• Will your students need to learn a new technology?

youtubeIn my case with the annotated playlist assignment, I was developing a new course, which already took quite a bit of work. So I decided to have my students create the playlist on Spotify or YouTube, technologies they most likely knew (but I have also learned not to assume that my students know even what seem to be the most common technologies!), and email their annotations typed in Microsoft Word. This system isn’t as compact or seamless as the other technologies might have been, but it had the benefit of being familiar and easy to communicate as they took on the challenge of thinking and writing about a new discipline.

As I develop my courses more fully, I will be in a better position to expand the forms and formats of my interdisciplinary content. This means that it may take a few years to develop these courses in the way that I would like, but it also helps keep me from burning out so that I can continue to create them. It turns out that learning new technologies takes time, both for me and for my students. We shouldn’t be surprised though: These new technologies are new forms of literacy, and becoming literate takes time. Literacy is worth it though. Twenty-first-century literacy can build skills and knowledge with new content and new forms through interdisciplinary teaching.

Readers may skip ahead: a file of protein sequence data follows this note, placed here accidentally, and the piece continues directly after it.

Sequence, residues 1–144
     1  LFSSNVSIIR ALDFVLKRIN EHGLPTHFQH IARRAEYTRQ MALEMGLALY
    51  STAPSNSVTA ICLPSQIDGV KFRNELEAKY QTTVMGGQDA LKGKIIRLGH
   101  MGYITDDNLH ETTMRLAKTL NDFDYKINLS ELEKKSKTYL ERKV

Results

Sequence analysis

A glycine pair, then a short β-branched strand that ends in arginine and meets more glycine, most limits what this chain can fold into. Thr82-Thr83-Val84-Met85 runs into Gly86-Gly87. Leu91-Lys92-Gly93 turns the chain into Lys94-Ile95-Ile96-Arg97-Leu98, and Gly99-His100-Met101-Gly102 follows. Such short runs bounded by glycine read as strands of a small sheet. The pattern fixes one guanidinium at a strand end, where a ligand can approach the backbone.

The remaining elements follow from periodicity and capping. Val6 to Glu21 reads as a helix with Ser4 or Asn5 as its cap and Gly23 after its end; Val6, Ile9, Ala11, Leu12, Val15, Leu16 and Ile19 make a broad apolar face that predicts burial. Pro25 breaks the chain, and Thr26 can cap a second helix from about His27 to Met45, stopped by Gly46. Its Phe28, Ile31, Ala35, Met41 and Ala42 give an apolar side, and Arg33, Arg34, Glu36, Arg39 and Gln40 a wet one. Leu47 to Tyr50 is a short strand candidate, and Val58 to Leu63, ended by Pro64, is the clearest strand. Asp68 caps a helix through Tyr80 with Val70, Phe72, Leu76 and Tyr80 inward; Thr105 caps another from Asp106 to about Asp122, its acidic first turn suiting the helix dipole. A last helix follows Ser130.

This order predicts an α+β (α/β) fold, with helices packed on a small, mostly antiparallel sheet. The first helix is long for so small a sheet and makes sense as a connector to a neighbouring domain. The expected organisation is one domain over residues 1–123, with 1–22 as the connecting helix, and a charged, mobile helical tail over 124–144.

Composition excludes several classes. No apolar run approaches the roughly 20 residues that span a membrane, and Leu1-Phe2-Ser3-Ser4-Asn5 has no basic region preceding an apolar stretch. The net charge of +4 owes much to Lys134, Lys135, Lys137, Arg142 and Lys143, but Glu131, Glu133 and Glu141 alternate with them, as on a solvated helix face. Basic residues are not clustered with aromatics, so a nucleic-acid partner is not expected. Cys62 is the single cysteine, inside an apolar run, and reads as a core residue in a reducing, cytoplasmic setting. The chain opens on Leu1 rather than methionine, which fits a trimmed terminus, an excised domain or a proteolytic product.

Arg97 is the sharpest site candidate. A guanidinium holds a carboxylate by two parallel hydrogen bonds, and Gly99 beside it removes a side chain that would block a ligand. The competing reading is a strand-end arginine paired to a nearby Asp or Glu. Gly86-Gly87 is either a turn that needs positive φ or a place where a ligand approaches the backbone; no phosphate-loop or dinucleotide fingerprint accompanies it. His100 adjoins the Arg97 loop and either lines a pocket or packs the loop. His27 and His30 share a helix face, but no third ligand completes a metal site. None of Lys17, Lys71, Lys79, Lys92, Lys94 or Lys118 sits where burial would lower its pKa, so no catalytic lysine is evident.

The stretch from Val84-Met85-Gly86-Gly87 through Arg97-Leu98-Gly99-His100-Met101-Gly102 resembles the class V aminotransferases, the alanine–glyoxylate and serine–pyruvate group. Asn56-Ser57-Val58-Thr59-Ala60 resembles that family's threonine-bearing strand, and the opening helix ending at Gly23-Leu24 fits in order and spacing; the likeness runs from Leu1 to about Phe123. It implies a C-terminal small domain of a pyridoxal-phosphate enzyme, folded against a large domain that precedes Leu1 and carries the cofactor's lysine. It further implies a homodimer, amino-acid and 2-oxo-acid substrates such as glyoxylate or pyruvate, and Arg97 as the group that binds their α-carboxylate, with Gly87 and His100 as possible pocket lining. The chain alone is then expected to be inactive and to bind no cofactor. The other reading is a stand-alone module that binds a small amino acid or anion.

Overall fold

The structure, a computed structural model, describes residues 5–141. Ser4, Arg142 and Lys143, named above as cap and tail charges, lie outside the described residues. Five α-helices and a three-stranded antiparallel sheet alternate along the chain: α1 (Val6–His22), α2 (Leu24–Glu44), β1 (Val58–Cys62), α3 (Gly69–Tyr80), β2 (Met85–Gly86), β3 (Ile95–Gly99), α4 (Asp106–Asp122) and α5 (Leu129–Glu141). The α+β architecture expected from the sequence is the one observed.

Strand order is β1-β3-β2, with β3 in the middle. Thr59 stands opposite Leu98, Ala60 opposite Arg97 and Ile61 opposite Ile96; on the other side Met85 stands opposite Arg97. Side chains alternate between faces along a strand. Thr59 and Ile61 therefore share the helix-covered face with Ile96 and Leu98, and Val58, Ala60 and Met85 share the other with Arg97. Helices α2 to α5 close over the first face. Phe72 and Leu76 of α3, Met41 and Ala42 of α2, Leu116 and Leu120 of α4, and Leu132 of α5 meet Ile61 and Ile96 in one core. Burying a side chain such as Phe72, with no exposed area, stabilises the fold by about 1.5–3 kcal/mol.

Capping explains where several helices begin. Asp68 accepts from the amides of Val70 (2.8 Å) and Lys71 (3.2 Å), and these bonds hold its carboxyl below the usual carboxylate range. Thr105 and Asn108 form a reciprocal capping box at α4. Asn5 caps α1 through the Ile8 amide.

Imagining Digital Pedagogy at Fordham

This is your life:


You just finished teaching your American History class. You slam-dunked a lecture on the transcontinental railroad’s influence on national commerce, communication, and territorial expansion. Students nodded, took vigorous notes, and were eager to participate in a lively discussion following your lecture. It was a good class. You think to yourself: tweed blazers with elbow-patches do help you scrutinize the past and question mainstream ideas more effectively. As you make a note to add more iron-on patches to your shopping cart on Amazon, you see a particularly eager student waiting to catch your attention after class.